On Saturday, Real Madrid president Florentino Perez used the club’s annual assembly to once again attack his La Liga counterpart Javier Tebas.
The 76-year-old claimed La Liga had taken “repeated actions… against the interests of Real Madrid”, called the competition’s deal with private equity fund CVC a “scourge for Spanish football” and also criticised Tebas’s salary. Tebas responded in a typically direct fashion with a post on Twitter in which he accused Perez of telling “serious lies about La Liga” and added that there had been “no increase” to his salary, before his organisation posted a longer statement later.
Escucho el discurso de Florentino Pérez, a parte de repetir año tras año lo mismo sobre los jóvenes, abonados tv… que demuestra que ni el ni su equipo gestor se entera de lo que está ocurriendo de verdad, añade mentiras gravisimas sobre Laliga, miente sobre la subida del…
— Javier Tebas Medrano (@Tebasjavier) November 11, 2023
For seasoned La Liga observers, the war of words was nothing new — Perez and Tebas have long been at odds with each other. But when did the dispute begin and was there something more intriguing at the end of Perez’s speech?
The Athletic explains.
Real Madrid and Florentino Perez: A portrait of one man’s ultimate power
What did Perez say in his speech?
For years, Perez has hardly agreed to any interviews or spoken to the media, which is why his speeches at the club’s annual assemblies have been so eagerly awaited by Madrid’s members. It was no different this time, with Perez starting by criticising the overall state of football and referring to UEFA president Aleksander Ceferin and Tebas.
“There is an unprecedented institutional crisis in Spain and in Europe,” he said. “The problem is that there are leaders who act without thinking about the fans. European football does not belong to the president of UEFA, nor Spanish football to the president of La Liga. That’s why the Super League is more necessary than ever.”
It was no surprise to hear Perez espouse the virtues of the European Super League again — the project he has continued to lead despite its apparent collapse when it was first launched in 2021. He focused much of his criticism on La Liga and Tebas, which was well-received by members. They even cut him short with applause at times.
“The issue that most concerns us, and for which we have to take very strong measures, is the repeated actions of La Liga against the interests of Real Madrid,” Perez said. “These actions have a single objective: to attack the financial assets of our club. First, they tried to expropriate 11 per cent of our income from audiovisual rights for 50 years. And then, they tried to modify the ‘sports law’ with the aim of appropriating our commercial rights.”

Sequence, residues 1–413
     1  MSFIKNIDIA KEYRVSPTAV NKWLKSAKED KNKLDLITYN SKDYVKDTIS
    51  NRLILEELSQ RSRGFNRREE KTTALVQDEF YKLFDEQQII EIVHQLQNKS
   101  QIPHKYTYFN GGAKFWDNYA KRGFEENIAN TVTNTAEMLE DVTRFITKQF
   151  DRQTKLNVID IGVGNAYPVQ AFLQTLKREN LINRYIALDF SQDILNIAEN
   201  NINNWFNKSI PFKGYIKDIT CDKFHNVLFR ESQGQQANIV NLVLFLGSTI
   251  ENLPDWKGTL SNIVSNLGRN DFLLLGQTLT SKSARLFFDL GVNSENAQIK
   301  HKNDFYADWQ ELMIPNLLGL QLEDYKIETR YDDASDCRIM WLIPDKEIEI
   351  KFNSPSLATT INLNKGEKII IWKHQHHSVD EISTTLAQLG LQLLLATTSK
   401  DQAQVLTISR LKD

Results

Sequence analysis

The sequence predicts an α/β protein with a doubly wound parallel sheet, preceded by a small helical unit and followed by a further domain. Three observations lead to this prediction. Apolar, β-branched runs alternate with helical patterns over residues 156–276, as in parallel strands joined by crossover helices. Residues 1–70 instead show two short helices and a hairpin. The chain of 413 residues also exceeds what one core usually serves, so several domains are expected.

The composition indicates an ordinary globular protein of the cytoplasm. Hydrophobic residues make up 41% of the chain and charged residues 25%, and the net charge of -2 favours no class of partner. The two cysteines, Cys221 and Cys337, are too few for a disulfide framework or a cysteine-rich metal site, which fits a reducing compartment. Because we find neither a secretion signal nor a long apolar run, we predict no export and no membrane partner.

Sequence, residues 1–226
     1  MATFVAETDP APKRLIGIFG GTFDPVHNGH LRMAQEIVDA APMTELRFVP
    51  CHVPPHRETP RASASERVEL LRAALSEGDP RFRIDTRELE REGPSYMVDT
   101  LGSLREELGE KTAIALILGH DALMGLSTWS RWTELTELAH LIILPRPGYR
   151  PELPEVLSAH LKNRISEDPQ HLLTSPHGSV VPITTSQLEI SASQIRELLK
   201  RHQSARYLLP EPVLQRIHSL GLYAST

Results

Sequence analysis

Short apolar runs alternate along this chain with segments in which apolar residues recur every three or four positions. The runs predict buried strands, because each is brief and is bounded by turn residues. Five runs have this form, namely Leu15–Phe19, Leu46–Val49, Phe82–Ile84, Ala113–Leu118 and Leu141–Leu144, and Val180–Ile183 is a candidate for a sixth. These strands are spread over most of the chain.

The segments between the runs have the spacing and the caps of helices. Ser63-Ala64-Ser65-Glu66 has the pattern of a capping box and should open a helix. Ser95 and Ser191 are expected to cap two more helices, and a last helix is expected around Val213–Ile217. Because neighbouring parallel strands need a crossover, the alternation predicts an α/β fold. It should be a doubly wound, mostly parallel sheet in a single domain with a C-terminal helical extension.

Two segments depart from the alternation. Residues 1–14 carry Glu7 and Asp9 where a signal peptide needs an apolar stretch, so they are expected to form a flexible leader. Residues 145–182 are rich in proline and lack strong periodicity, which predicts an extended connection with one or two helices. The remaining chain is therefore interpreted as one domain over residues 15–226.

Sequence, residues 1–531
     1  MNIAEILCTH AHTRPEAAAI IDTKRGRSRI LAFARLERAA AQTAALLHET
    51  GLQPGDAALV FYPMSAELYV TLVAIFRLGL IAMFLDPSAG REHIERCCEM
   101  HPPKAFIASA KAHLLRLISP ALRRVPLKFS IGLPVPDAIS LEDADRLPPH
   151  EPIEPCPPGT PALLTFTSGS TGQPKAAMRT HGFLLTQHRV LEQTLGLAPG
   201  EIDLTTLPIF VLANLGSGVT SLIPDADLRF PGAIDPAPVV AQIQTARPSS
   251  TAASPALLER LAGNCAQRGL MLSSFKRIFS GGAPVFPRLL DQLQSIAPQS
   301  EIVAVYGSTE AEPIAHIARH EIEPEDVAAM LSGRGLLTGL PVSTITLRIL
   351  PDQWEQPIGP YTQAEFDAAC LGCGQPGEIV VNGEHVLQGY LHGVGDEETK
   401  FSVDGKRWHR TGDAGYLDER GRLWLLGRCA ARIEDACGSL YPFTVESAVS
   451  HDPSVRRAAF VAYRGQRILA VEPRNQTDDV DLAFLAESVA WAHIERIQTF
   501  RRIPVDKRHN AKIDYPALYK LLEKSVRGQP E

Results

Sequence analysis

Perez condemned the €2.1billion (£1.8bn, $2.3bn) deal agreed between La Liga and international investors CVC Capital Partners last year known as ‘La Liga Boost’, which saw Spanish clubs receive additional funding in exchange for a stake in a new company that would obtain the country’s broadcast revenue and sponsorship rights for the next 50 years.
He described the deal as a “scourge for Spanish football” and claimed Tebas had “abused his power” to negotiate the terms of the agreement with other clubs behind Real Madrid’s back. “We trust that, given its irregularities, it will be definitively annulled by the Spanish courts,” he added. There is no sign of this happening yet with court cases still ongoing.
There was criticism of La Liga’s new broadcast package — Madrid are not allowing broadcasters Movistar and DAZN to do their pre- and post-match transmissions from within the Santiago Bernabeu, as they argue the revenue made from these broadcasts should belong to the club itself.
As La Liga sends cameras behind the scenes, Real Madrid face €13m hit for refusing access
Finally, Perez complained that Madrid are not members of the La Liga Delegate Commission — a group of clubs who meet more regularly than the full assembly, which take some decisions and make proposals to be voted on by all clubs — arguing this prevents them from knowing what the organisation spends its money on.
Perez called for greater transparency and said: “We do know that more and more is being spent, like the president’s annual salary, which has just gone up again.” Tebas responded by saying there had been “no increase” in his wage.
Was this anything new?
Perez’s speech was as always aimed at his primary audience — the 1,700 Real Madrid vote-holding socios (or members) present and the club’s millions of supporters around the world.
The canny politician would have known that railing against how Tebas has “repeatedly taken actions against Real Madrid” would go down well with those present or following from home.
Perez’s complaints about La Liga’s CVC deal will have been familiar both to them and to long-time La Liga watchers, while his problems with Spain’s ‘sports law’ (ley deporte) and La Liga’s new TV broadcast initiatives have also been publicly aired before.
From Madrid’s perspective, all of these are examples of La Liga “appropriating our economic assets” — ie, financially benefiting from things that Perez considers Madrid own and should profit from themselves.
Perez embellished his speech with criticism of the financial relationship between La Liga and its clubs — for instance, with the league organising overseas friendlies, and joint marketing campaigns.
Was it a surprise Tebas hit back?
No, it was not a surprise. La Liga’s president is often very quick to defend himself from any slights, real or imagined, and generally seems to enjoy any chance for a social media ding-dong.
Tebas immediately posted on Twitter with a jab back at Perez for “lies” about many things, including any pay rise, and accused the Madrid president of having a “messianic” personality complex and wanting to control everything.
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La Liga also later added a longer, more formal statement, which claimed that Perez’s words were “riddled with falsehoods” and “biased and unrealistic”. La Liga denied there was a lack of transparency and democracy within its organisation, saying that if Madrid were not involved in decision making it was because for years they had opted out of participating in its workings.